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Contemporary Art at the Rubell Museum D.C.

February 15, 2023
Kehinde Wiley, Sleep, 2008.

People writing about the Rubell Museum in Southwest D.C. like to say it’s less than a mile from the National Mall. However, the Rubell Museum is even closer to the last big-deal museum that opened in Southwest: the Museum of the Bible.

Both are provocative. The Museum of the Bible has a 1524 edition of Martin Luther’s Old Testament translation into German. The Rubell Museum has several sexualized exhibits that neither The Washington Post nor The New York Times chose to feature in their articles about the museum’s opening.

I won’t share any of those snaps either, but you should go see the Rubell Museum exhibits. All of them. In person if you can, because that’s the best way to experience contemporary art.

The first painting you see when you enter is the massive Sleep by Kehinde Wiley (above). It’s luminous! Other huge, equally engaging pieces follow.

Vaughn Spann, Big Black Rainbow (Smoky Eyes), 2019.

This amazing museum is housed in the former Randall Junior High School, a D.C. Public School that closed in 1978. Its incarnation as a contemporary art museum is one of many uses it’s been put to. The first series of Rubell Museum exhibits honors Marvin Gaye, who graduated from there in 1954.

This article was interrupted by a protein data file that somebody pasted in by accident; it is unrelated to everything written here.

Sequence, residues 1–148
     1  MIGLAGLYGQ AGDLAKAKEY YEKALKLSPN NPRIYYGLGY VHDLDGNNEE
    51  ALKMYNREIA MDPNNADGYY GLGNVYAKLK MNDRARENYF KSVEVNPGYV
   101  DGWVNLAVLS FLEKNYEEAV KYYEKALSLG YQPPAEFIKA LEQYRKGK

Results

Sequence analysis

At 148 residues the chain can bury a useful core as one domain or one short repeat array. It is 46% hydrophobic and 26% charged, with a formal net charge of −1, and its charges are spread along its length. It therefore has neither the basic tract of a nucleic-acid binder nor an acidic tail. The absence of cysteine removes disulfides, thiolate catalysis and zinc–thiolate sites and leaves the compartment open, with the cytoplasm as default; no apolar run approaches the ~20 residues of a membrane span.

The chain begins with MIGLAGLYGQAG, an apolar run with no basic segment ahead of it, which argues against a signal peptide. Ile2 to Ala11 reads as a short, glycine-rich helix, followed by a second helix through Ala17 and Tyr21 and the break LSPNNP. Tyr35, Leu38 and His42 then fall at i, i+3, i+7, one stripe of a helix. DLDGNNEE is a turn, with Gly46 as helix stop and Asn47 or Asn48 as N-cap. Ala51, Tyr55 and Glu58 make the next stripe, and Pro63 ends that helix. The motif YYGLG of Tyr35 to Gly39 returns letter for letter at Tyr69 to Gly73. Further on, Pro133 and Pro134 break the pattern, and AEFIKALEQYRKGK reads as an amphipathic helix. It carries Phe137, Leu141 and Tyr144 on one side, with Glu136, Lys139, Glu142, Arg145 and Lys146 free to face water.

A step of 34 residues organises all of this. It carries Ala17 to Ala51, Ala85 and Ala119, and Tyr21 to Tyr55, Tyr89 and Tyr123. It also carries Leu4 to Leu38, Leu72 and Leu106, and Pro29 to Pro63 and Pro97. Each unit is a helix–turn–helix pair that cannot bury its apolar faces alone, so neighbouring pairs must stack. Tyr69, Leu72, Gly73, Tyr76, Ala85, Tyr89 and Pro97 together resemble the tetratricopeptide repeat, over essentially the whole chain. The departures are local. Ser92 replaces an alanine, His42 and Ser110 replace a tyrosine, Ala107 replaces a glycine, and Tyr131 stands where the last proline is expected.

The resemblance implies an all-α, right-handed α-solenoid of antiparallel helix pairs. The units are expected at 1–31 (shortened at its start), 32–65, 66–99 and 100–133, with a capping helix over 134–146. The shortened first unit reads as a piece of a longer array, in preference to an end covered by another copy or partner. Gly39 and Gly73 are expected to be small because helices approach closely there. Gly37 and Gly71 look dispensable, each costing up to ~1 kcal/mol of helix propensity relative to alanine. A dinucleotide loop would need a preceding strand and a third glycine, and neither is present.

Who goes straight downstairs afterward? I do! (Despite the other, less disturbing choices.)

John Miller, A Refusal to Accept Limits, 2007.

There was an upstairs, too!

I like goats, or so I thought. Taxidermied ones in vases have made me question that inclination. I always expect a spider in a vase, but going forward, I will be hard pressed not to imagine that vases hold larger, somehow more unsettling creatures.

I loved the Matthew Day Jackson pieces, and not just because one of them looks like my grandma.

Matthew Day Jackson, Harriet (First Portrait), 2006.

Jasmin 1 is my Mona Lisa.

Karon Davis, Jasmin 1, 2021.

This piece by artist-in-residence Genesis Tramaine appears very much at home.

Genesis Tramaine, Mother. Saint. Rebekah., 2020.

Here’s something that, despite the halo, you can’t find at the Museum of the Bible.

Purvis Young, Faces, 1980-1999.

One of my now all-time favorite self-portraits is below. The piece is positioned so it faces numerous of the artist’s other works. Still, I feel subtly judged for waiting so long to visit the Rubell Museum.

Juanita McNeely, Self, 1968.

Here’s a link to the Rubell Museum D.C.’s current exhibits, which are free for Southwest D.C. residents. Get your tickets, Southwesters. Do it now!

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